Thursday, March 31, 2011


Can you stand one more observation about Catholic music?

The other day I was up in the choir loft playing music on our organ that I learned as kid. Here are the words to one song:

‘Neath olive trees,

‘neath olive trees.

Dost know the heart that here is weeping,

Dost though the blood-stained tears recall?

For thee each burning tear He offers,

For thee the sacred rubies fall.

To cleanse thy soul,

To cleanse thy soul.

Behold the man!

With scourge the heartless rabble beats Him!

In streams His blood most precious flows,

But not a word is heard from Jesus,

In silence to His death He goes.

To cleanse thy soul,

To cleanse thy soul.

I was quite taken with these words and brought deeply into contemplation. (And I realize that is me. It won’t be the same for everyone.) And then later I had the opportunity to sing at Mass quite a few of the more “modern” hymns. Here is a sample of one of them:

In these days of Lenten Journey

WE have seen and WE have heard

The call to sow justice in the loves of those WE serve.

WE reach out to those who are homeless,

To those who live without warmth. In coolness of evening WE’ll shelter their dreams;

WE will clothe them in mercy and peace.

Now, there is nothing really wrong with this song though God is quite left out of the picture. As much as the first song is focused on God and what He does, the second is hyper focused on us and what WE do. Here is another from my childhood:

Jesus asks for loving mercy,

Mercy for His enemies,

From the heavy Cross He carried,

Prompting us to bend our knees.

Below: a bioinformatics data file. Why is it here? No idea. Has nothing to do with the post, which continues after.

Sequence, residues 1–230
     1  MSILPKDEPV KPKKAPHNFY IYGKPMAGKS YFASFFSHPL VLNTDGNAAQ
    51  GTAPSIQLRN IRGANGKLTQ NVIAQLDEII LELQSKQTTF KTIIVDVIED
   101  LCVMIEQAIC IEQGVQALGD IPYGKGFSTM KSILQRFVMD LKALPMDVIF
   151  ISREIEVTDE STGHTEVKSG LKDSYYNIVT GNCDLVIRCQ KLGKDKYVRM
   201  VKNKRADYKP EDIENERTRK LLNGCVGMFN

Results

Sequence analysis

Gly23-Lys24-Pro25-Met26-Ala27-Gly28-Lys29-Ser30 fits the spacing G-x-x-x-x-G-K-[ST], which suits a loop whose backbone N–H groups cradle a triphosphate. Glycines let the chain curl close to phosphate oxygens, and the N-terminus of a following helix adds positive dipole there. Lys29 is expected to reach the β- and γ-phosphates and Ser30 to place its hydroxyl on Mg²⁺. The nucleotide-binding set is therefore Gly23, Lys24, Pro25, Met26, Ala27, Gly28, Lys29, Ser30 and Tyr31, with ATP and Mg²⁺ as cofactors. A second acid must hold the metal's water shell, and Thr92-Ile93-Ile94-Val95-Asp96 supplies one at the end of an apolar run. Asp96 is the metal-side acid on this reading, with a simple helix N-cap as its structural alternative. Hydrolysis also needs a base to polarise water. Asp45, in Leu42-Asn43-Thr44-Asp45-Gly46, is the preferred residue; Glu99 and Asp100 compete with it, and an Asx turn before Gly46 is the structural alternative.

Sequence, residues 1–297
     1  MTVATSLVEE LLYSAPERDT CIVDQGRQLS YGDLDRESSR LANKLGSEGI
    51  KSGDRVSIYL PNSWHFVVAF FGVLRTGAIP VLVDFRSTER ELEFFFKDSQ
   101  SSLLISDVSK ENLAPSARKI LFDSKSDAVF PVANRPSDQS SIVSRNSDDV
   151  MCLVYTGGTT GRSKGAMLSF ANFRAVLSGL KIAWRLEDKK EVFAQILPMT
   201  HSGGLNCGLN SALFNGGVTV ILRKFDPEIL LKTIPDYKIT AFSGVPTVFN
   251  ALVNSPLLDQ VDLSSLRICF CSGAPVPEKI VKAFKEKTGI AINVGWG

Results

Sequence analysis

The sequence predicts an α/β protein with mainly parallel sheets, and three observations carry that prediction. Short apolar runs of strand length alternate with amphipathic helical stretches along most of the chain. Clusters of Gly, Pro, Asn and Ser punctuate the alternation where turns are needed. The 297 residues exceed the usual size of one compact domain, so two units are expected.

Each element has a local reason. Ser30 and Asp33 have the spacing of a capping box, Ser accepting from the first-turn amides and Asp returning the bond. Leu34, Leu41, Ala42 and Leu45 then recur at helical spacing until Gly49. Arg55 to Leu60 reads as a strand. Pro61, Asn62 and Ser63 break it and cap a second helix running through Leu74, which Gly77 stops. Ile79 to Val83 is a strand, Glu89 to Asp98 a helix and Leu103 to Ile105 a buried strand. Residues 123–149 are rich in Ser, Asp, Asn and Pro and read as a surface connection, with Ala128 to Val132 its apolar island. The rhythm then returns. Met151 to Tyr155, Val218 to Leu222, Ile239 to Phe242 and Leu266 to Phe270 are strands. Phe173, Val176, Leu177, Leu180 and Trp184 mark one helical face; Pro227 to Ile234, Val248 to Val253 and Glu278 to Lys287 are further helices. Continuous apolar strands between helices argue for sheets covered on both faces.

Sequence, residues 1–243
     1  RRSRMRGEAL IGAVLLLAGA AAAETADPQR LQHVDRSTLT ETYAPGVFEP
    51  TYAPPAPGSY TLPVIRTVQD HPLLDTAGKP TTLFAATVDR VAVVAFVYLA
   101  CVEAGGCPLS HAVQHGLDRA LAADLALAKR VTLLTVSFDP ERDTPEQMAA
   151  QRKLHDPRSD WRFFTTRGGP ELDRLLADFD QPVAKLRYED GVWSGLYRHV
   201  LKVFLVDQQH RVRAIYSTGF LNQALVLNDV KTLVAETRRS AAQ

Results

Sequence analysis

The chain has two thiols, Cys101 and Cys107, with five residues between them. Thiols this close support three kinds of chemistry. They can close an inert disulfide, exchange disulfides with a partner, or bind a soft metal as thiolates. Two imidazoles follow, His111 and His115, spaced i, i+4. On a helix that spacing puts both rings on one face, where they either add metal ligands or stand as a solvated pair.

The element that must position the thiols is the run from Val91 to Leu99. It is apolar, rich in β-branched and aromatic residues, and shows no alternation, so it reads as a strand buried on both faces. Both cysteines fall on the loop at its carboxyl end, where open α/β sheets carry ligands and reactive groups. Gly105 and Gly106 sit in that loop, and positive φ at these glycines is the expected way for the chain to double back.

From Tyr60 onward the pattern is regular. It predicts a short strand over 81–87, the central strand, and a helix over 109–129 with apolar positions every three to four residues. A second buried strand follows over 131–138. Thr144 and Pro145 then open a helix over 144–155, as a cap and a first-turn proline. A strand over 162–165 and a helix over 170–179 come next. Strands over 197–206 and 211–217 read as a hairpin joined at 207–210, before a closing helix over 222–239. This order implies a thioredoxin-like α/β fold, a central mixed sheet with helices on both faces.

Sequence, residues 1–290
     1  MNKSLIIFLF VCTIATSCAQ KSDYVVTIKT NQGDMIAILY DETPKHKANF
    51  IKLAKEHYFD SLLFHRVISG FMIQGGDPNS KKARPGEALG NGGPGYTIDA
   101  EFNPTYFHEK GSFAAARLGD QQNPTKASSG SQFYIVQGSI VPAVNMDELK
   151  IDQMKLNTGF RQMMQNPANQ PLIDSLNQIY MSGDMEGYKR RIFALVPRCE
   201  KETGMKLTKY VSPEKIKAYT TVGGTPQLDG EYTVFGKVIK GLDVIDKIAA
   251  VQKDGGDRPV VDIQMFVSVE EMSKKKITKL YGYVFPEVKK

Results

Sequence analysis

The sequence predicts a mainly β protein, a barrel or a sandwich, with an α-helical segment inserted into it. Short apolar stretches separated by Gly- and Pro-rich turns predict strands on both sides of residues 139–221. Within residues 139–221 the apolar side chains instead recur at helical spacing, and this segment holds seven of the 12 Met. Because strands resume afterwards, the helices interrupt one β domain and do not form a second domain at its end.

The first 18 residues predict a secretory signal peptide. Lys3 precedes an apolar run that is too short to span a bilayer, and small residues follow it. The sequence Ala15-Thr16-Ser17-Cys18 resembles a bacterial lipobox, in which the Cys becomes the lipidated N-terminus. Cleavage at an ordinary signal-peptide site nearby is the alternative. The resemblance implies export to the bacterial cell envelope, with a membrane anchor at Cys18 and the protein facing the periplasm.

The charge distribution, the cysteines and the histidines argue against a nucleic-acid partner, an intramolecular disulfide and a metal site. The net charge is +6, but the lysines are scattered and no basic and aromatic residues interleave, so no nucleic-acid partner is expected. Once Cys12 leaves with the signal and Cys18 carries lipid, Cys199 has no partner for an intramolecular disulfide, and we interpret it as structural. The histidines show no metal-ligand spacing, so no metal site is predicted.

“Please forgive them loving Father,

All who’ve made my sorrow greater.

Men offending You know not what they do.

Here is another more recent one:

WE rise again from ashes,

From the good WE’ve failed to do.

WE rise again from ashes,

To create OURSELVES anew.

If all OUR world is ashes,

Then must OUR lives be true,

An offering of ashes,

And offering to you.

I will give the benefit of the doubt that the final “you” is God. Now, grant you, you can cherry-pick the best and the worst from the old and the new and come with a number of complaints and virtues of the music of the times. There was some pretty bad stuff written in our past and some pretty good stuff in more recent times. It may also be the case that we ignored ourselves a bit much in the past and it is good to put ourselves on the spot and say, “Hey! Get to work! God will do this but He wants you to work on it too!”

That being said, walking down the aisle preparing to celebrate the source and summit of our faith, embarking on an intimate contact with our God with His Word and His Body and Blood and all we can sing about is ourselves quite misses setting us up for what we are about to do. “Lift up your eyes from whence cometh your help!” not “We are called to be spiffy.”

This was on my mind today as we sang for Mass and I just kept thinking, “Gads, another song about us.” So perhaps I am being a tad strong, but I don’t believe entirely incorrect. We are coming to the Supper of the Lamb, it’s His party, and our music should more fully reflect this.

It is not a matter of old verses new. Really good versus semi-good. The advantage of the old is that we have left behind much of what was poor and kept the better half so the pickings are perhaps better. The new has a fuller mix of the good and the bad. Pastors and music ministers need to be on their toes about the music that they pick. Just because it is in an “approved book” and everybody likes it and all the local parishes are singing it does make it a good song for Mass. “If your best priest friend sang that song while jumping off a bridge does that mean you have to do it too?”

That sounded funnier to me when I thought of it than it does typed out.


ck said...

"For thee the sacred rubies fall"...what a beautiful image.

lgreen515 said...

So who picks the songs? In my former Protestant church, the pastor picked all the songs.

-Former Protestant-

Foxie said...

There are tons of modern songs which concentrate on Jesus... like Once again, For the cross, Light the fire again, ...

Anonymous said...